I grew up in the Imperial Valley, California. A wide bowl of desert dotted with fields of crops fed by an extensive irrigation system of canals. In elementary school, we had a “Dippy Duck: Don’t Swim In Canals” program because the water looked placid on top but had strong undercurrents.
When I was around six years old, my father decided to introduce me to fishing. We headed out to a canal, driving along a dusty road next to a field in his beat up white truck. When we got out, I smelled the salt and water and watched as burrowing owls, who’d dug their holes into the banks, looked at me with their big eyes.
Of course, I had no idea about the mechanics of what we were doing. Dad handed me a fishing pole and helped me throw the line out into the muddy brown water, then went to fix his own pole. Immediately, something grabbed onto my line and pulled. At my age and size, it felt like a whale was dragging me down the bank. I yelled for my dad that I had a fish…and he didn’t believe me.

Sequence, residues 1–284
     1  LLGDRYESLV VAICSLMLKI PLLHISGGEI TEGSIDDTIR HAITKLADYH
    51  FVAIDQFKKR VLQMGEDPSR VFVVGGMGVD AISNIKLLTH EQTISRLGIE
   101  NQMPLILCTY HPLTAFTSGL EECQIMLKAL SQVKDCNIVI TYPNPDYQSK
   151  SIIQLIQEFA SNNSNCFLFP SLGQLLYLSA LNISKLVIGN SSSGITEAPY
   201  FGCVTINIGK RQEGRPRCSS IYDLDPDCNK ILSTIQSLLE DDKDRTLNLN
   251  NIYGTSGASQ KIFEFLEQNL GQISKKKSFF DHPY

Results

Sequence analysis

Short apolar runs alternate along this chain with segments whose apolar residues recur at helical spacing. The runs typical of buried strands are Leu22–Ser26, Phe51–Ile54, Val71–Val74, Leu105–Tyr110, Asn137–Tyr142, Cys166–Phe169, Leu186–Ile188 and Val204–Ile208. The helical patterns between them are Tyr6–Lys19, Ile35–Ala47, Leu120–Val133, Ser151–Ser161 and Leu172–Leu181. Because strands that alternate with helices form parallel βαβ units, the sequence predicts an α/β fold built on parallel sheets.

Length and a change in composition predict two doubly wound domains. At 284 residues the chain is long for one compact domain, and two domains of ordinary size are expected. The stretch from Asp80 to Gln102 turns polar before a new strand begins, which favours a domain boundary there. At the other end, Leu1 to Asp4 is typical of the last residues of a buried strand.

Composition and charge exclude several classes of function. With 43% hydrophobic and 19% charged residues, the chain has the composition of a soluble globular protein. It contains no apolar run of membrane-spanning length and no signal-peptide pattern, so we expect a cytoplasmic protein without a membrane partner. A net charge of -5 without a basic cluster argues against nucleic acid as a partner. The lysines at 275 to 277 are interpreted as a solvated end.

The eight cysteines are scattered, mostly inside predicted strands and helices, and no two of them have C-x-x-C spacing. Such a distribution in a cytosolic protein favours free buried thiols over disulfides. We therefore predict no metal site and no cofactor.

This was a real dilemma. He was still putting some bait on a hook and I was getting dragged down the steep, dirt embankment toward what Dippy Duck had told me was certain death. I began to squall like a fire alarm as I got closer to the water and my dad finally looked up from what he was doing, dropped his gear and ran for me. His big, strong hands closed around my fishing pole and he showed me how to turn the reel that brought in a five pound catfish.
Well, my dad was so proud. He took what seemed like a zillion photos of me with that fish, popped it in a cooler and showed it all over the neighborhood. We never did eat it, because by the time he was done bragging and showing off what his little girl caught, it had spoiled.
Over the years, we cast bobbers into mountain lakes and lost lures in streams, caught on undergrowth. We pulled in trout, perch and bass together and watched the sun come up as mist rose from a lake, coloring it in vivid pinks and yellows.
But the excitement of near-death combined with the love and pride of my father makes my first fishing experience the most unforgettable of them all.